"I was the only man there who had any diving experience, so I went down. Say, have you ever been under water in a diving suit, trusting your life to the fellows above who pump the air into your helmet? No? Well, it's a curious experience. I had the feeling as I went down that I was number thirteen of that bunch, and that they only needed to shut off my air supply to make their number twelve instead of thirteen. But that didn't happen; they pumped, and I breathed and saw the old galleon, the _Santa Margherita_. She lay there, heeled over to starboard, covered with the ooze and the slime of the sea, with barnacles everywhere.

"I signaled for slack and walked around her, taking note of her rig. She had three masts, and three tops very much like the fighting tops of our modern battleships. There were no royal masts, but she had two sprit-sail yards under the bowsprit and jib boom, and a huge lateen yard on the mizzen that took the place of the cro'-jack. But her poop deck was a wonder; five tiers of windows one above the other, and on top three big lanterns much like the ordinary street lamp. Of course, all canvas and running gear had rotted away, but here and there was a leg of standing rigging, preserved by the tar. She was a big craft in her day, no doubt, but not so big compared with present-day ships; at any rate I could reach up to her channels, and by this means climbed aboard.

"The deck and rail were a foot thick with mud, and the small, spar-deck guns could hardly be distinguished. I saw at once that I would need help, and signaled to be hauled up. On deck I told the news and all hands, even the Jap, went crazy over it. We got out two more diving suits, rigged a bulb for each, and Pango, Peters, and myself went down again.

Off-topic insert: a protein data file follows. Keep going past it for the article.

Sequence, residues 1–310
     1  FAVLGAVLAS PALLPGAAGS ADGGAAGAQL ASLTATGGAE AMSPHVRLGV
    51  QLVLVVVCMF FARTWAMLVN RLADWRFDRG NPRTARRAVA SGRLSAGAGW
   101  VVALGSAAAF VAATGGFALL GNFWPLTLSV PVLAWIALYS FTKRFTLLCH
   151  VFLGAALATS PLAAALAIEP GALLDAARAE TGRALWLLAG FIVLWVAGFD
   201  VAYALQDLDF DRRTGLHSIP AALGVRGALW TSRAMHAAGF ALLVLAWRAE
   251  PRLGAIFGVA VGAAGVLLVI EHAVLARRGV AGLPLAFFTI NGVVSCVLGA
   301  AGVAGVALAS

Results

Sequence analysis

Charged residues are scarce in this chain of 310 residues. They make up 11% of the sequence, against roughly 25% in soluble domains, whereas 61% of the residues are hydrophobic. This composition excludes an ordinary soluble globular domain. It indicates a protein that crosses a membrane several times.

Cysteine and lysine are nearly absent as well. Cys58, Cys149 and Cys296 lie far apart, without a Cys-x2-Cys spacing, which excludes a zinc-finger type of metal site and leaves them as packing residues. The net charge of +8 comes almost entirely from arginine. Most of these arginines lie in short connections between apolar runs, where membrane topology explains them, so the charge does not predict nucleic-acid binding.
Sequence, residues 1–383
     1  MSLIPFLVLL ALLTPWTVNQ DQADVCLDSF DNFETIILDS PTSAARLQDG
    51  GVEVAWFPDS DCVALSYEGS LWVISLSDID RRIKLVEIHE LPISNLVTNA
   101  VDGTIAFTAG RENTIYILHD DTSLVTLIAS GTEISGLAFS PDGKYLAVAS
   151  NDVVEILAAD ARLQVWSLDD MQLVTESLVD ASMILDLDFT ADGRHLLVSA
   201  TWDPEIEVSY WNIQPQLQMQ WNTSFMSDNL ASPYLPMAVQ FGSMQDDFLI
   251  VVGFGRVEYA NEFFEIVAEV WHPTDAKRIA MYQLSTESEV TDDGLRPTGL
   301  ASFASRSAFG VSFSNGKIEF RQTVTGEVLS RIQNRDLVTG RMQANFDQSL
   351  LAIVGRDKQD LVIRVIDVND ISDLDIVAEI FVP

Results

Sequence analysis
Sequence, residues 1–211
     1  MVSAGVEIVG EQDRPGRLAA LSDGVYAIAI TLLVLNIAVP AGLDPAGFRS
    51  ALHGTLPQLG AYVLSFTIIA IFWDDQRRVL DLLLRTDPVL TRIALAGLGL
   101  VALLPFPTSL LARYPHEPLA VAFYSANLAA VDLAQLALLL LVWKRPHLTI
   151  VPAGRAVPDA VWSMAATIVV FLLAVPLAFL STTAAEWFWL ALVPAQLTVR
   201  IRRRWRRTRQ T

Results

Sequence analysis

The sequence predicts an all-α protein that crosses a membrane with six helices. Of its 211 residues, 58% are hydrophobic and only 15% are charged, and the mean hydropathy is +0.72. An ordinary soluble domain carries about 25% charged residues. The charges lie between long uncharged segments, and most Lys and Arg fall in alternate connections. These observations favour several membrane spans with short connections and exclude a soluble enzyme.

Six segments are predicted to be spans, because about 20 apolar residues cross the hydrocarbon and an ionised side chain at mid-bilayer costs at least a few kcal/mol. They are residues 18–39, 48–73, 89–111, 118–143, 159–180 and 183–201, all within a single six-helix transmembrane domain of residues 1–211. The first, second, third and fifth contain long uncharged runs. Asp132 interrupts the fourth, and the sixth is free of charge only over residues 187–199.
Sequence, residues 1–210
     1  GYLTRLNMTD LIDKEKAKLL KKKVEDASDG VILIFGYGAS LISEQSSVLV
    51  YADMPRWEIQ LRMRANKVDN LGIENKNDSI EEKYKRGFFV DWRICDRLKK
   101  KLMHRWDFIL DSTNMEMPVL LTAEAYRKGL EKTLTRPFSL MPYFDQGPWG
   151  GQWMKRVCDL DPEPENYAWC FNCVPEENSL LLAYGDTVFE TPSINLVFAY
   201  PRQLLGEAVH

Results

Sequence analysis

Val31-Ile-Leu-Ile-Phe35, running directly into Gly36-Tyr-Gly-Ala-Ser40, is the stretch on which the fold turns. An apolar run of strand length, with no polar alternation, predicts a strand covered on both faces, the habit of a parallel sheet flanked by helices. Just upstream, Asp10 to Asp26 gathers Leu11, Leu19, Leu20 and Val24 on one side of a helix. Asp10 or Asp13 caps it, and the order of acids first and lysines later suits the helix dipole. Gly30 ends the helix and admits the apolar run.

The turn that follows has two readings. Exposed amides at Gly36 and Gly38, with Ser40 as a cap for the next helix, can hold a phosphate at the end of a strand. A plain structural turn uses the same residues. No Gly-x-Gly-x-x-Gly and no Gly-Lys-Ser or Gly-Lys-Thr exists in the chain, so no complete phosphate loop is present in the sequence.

"Now, this isn't a yarn of the finding of that treasure. Anyone can invent such yarns, and I've read dozens of them. They all wind up successfully, with each man wealthy and happy. This is a yarn of the men who found that treasure, and what happened to them. So, I'll just say that we didn't find a skeleton or a ghost when we got below decks. All hands were up, I suppose, when that ship went down, and the rush of water as she plunged, washed them off. We found seven big chests in the 'tween-decks forward of the cabin, and in them all were coins, and jewelry, and here and there in the mess, what might have been an opal, or some kind of jewel. All the stuff was black from the action of the salt water; but we knew we had the real thing, and hooked on tackles. We had to come up to help each time we lifted a chest, for, after the chest was out of water, it was too heavy for the crowd above; but at last they were all up, and stowed snugly on the floor of the cabin. Then, after final search for other loot worth taking, we picked up our anchor and cleared out, not yet having decided where we were going.